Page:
ABERDEEN PROVING GROUND, Md. -- A team of U.S. Army Soldiers and civilians helped the Filipino people purify more than 14,000 gallons of water during a joint military exercise in April.

The water-purification project, part of the Balikatan 2013 Exercise, demonstrates the U.S. military's significant commitment to stand "shoulder-to-shoulder" during military operations as well as humanitarian assistance and disaster relief missions in the Pacific region, said Jim Muldoon, the science advisor assigned to U.S. Army Pacific at Fort Shafter, Hawaii.

"When an HA/DR event occurs, the military is typically the one that has the transportation, equipment and personnel that can take anything, anywhere, anytime," Muldoon said. "Water is an invaluable resource, and you have to secure that from friend, foe and even nature itself."

Muldoon is part of U.S. Army Research, Development and Engineering Command's Field Assistance in Science and Technology team. He reports to RDECOM Forward Element Command-Pacific, which coordinates the Army's science and technology partnerships and collaboration with foreign militaries, academia and industry in the region from its headquarters in Tokyo.

RDECOM's 30 science advisors, both uniformed officers and Army civilians, span the globe to provide a link between Soldiers and the command's thousands of subject matter experts.

USARPAC requested that the Army Rapid Equipping Force procure and ship five Aspen 2000 water-purification systems to the Pahingahan Dam at Fort Magsaysay, Philippines.

The REF responded quickly, Muldoon said. Within two months, Darren Hayes led a team that processed the request, analyzed the requirement, determined the best solution, obtained the assets and ensured the systems were waiting for the Soldiers 9,000 miles away.

Muldoon said his role as the project's science advisor was to assist in the logistics details and training of the equipment before the exercise and then to identify the technical gaps and develop solutions during the exercise. A team of six U.S. Soldiers; six Filipino Soldiers; Jim Ivey and Randy Mefford, REF contractors who trained everyone on the system; and Muldoon purified water for six to eight hours per day from April 2-15.

The system is easy to operate, Muldoon said. Staff Sgt. Naome Trigg was the only water treatment specialist as the remaining Soldiers were infantrymen and combat engineers.

Four Soldiers can unload the system from a small pickup truck, but only one is needed to operate it to purify up to 100 gallons of water per hour.

The Aspen systems pulled water from a lake contaminated with bacteria and purified it through a series of screens; 50-micron, 3-micron and carbon filters; reverse osmosis; and ultraviolet light. Even though the system automatically checks to ensure the water is clean, Soldiers can use a handheld meter to double-check the filtration. The preventive medicine officer tests and verifies the water's purity and quality.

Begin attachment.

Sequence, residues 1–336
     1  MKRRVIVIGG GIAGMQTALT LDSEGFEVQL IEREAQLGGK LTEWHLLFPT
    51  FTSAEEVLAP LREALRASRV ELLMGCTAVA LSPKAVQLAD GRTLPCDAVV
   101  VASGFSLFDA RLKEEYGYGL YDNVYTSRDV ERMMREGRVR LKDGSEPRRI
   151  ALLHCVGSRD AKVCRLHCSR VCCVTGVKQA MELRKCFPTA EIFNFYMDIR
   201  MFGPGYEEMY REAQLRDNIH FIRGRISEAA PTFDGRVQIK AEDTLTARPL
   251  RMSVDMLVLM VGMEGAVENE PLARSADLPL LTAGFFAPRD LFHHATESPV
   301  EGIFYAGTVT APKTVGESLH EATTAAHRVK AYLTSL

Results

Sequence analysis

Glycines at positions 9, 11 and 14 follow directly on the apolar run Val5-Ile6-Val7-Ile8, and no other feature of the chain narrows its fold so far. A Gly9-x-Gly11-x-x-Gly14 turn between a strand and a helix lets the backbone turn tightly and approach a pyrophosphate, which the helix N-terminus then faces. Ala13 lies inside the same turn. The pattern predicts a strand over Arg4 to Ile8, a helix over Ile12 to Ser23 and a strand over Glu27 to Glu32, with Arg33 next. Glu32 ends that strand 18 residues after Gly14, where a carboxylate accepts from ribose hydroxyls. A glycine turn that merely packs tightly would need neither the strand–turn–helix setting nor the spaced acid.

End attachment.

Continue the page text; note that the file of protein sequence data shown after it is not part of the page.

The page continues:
"An easy way to take down the strongest of Soldiers is to 'scramble' their stomach with a drink of bad water," Muldoon said.

As the U.S. military pivots to the Pacific, humanitarian assistance and disaster relief missions will be vital to establishing and maintaining good relations with America's allies in the region, Muldoon said. As the provider of scientific and engineering solutions, RDECOM will be an important part of Army operations.

"Five of America's seven longest-standing treaties are in the Pacific. It's America's obligation to help build our allies' capacity and help maintain stability of the Pacific," Muldoon said. "A natural disaster is indiscriminate, so any country in the Pacific can take a hard hit on their economy, infrastructure and capability to sustain itself. When that is jeopardized, we owe it as humanitarians to help them start to build back up.

"All the things that make a mission successful are pieces of equipment that RDECOM has provided, developed or improved."

The support goes beyond Balikatan 13. The Army will send two purification units, along with Solar Stiks for sustainable power, to both Saipan and American Samoa for contingency operations. One system will remain in Hawaii for training and quick deployment to a disaster in the Pacific.

"If those territories have a disaster, Soldiers on rotation there know that -- as a minimum -- they will have power to charge communications and water," Muldoon said. "These are going into operation to give us an increased capability. We're stretching across the Pacific with these five systems."

Work on next year's Balikatan exercise has already begun, Muldoon said. Plans are aligned with a DoD directive on contingency basing to purify and reuse water from the camp's dining facilities and showers. This reduces the need to truck water from the lake back into camp.

Muldoon has been a developmental engineer for five years with RDECOM's Tank Automotive Research, Development and Engineering Center at Detroit Arsenal, Mich., after retiring as an Air Force officer. He took the assignment as a FAST science advisor in January 2012 to get a broader view of the Army and to work in the field with Soldiers.

"It's important to deploy with the unit, to understand what it really means to be in field conditions. We've been in the Pacific for over 100 years. That was one of the reasons I picked the Pacific -- it's an enduring mission," he said.

RDECOM is a major subordinate command of the U.S. Army Materiel Command. AMC is the Army's premier provider of materiel readiness -- technology, acquisition support, materiel development, logistics power projection, and sustainment -- to the total force, across the spectrum of joint military operations. If a Soldier shoots it, drives it, flies it, wears it, eats it or communicates with it, AMC provides it.